The iPad will gradually lose market share to rivals in the coming years, but the Apple tablet will remain the category leader through 2015, according to a new forecast.
Gartner projects the iPad's commanding 84% share of the worldwide tablet segment in 2010 will fall by nearly half over the next five years to 47%, mainly as a result of Android eating into Apple's lead. The Google platform will more than double its share over the same period from about 14% to 39%.
"Volume will be driven by support from many players, the ecosystem of applications for tablets getting more competitive, and some platform flexibility allowing lower price points," states Roberta Cozza, principal analyst at Gartner.
Despite gaining market share through the Android-based tablets like Samsung's Galaxy Tab and the Motorola Xoom, Google's decision not to open access the latest version of its mobile operating system -- dubbed Honeycomb -- will prevent fragmentation but ultimately cap growth. "This might mean that prices will drop at a slower pace than what we have seen in the smartphone market," notes Cozza.
The only other tablet platform expected to capture any meaningful share is QNX -- the operating system to be used on the forthcoming BlackBerry PlayBook from Research in Motion -- that will account for 10% of the market in 2015.
"It will take time and significant effort for RIM to attract developers and deliver a compelling ecosystem of applications and services around QNX to position it as a viable alternative to Apple or Android," according to Carolina Milanesi, research vice president at Gartner.
Separate findings from market research firm Compete last week indicated that only 6% of in-market tablet buyers are considering buying the PlayBook. Gartner suggested that organizations that already mandate BlackBerry devices or stringent security requirements will be the main force driving demand for the PlayBook.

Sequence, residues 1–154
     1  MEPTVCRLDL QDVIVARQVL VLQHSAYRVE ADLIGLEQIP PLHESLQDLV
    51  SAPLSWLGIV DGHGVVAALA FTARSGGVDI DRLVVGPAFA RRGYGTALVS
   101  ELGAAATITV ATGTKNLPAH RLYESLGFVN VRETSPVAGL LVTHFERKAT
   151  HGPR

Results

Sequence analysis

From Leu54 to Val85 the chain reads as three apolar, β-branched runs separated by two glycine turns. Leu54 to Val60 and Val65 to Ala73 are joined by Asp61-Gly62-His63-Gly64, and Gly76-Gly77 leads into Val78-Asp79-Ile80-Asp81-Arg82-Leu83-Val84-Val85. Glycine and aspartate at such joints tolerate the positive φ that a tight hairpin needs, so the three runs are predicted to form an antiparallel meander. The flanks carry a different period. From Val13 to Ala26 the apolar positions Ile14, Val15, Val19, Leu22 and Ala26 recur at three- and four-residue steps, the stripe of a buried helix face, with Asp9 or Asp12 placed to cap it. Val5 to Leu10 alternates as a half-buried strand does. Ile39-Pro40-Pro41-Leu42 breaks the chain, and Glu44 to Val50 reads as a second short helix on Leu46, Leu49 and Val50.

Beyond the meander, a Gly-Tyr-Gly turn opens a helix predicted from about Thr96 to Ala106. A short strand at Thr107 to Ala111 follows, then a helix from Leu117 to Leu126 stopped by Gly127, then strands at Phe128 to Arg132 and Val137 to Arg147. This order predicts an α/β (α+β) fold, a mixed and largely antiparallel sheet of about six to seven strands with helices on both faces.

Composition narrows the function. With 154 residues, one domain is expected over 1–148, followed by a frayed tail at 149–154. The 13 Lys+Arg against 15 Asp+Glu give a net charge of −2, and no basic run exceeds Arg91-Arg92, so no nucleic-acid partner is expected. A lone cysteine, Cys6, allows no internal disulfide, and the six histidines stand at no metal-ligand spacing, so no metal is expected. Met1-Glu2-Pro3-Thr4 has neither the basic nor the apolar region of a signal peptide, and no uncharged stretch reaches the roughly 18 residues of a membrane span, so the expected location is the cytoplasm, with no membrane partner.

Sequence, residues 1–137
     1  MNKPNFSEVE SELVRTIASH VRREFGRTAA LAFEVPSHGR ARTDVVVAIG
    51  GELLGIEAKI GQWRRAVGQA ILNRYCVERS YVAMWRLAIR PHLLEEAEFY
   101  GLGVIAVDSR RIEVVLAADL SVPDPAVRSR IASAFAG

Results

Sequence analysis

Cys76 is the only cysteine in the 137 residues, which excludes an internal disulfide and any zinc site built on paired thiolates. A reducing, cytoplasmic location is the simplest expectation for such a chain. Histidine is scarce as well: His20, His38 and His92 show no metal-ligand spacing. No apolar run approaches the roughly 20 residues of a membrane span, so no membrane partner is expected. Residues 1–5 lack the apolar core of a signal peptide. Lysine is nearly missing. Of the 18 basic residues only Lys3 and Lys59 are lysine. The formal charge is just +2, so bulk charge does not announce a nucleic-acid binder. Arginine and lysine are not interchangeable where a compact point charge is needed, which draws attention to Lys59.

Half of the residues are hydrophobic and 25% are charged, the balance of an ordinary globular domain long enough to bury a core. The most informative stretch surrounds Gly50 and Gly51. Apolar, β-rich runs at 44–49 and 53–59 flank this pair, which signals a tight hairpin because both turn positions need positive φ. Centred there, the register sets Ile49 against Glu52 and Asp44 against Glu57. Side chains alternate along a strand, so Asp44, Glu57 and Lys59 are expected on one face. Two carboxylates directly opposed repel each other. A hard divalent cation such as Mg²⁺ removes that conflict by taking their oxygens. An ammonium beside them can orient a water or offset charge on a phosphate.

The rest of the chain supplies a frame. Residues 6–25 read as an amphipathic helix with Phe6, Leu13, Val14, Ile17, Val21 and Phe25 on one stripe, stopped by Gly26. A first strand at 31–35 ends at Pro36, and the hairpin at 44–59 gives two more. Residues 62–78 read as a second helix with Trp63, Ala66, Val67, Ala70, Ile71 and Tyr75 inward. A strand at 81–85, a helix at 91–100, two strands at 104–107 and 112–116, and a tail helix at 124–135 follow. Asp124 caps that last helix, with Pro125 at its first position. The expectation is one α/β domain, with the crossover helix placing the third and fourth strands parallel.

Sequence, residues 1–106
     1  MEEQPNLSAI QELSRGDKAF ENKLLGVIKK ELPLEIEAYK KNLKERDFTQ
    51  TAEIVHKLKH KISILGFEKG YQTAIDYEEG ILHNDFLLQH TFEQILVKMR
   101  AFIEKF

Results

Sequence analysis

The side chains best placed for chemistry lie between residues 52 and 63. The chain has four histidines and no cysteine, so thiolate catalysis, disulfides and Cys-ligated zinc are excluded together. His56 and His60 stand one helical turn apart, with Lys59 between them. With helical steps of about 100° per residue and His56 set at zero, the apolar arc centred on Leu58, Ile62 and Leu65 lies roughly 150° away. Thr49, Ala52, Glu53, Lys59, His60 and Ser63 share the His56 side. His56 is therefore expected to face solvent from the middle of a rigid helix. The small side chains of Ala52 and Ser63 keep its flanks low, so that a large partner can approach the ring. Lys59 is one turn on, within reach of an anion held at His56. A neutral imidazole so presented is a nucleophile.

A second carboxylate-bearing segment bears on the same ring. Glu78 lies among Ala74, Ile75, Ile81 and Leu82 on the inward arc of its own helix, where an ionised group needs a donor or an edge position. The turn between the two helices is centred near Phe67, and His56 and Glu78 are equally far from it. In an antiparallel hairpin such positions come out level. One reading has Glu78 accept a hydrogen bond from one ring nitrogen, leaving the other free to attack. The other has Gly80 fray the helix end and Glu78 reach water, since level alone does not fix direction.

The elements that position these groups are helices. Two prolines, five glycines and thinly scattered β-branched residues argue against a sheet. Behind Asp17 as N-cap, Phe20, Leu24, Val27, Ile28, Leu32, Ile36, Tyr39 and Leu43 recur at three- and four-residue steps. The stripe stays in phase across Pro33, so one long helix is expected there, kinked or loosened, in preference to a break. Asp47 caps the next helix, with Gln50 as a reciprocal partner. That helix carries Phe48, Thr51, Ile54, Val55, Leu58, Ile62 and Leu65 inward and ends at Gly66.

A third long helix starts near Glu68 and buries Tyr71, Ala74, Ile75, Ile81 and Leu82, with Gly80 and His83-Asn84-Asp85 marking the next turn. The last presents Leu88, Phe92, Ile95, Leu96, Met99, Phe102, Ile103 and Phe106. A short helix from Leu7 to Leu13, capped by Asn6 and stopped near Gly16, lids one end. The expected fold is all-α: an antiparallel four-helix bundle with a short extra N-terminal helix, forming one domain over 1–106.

Generally, smartphone users will want to buy a tablet that runs the same OS as their phone, given their familiarity with that system and ability to share apps across devices. With their existing strength in smartphone share, that works to the benefit of both Android and iOS. It has the opposite effect on a smaller player, like webOS.
With the success of the iPad, many competitors have focused on delivering equally alluring hardware at the expense of applications, services and the overall user experience. But Gartner argues that software and services will play a bigger role than hardware features in tablets, "and the sooner vendors realize that the better chance they have to compete head-to-head with Apple."
The Gartner forecast comes as more magazine publishers are offering subscriptions on the iPad, despite Apple's unwillingness to share customer data for those sold via iTunes. Bloomberg BusinessWeek has joined other titles, including Elle, Maxim and Popular Science in selling subscriptions via the Apple tablet, according to a Wall Street Journal report.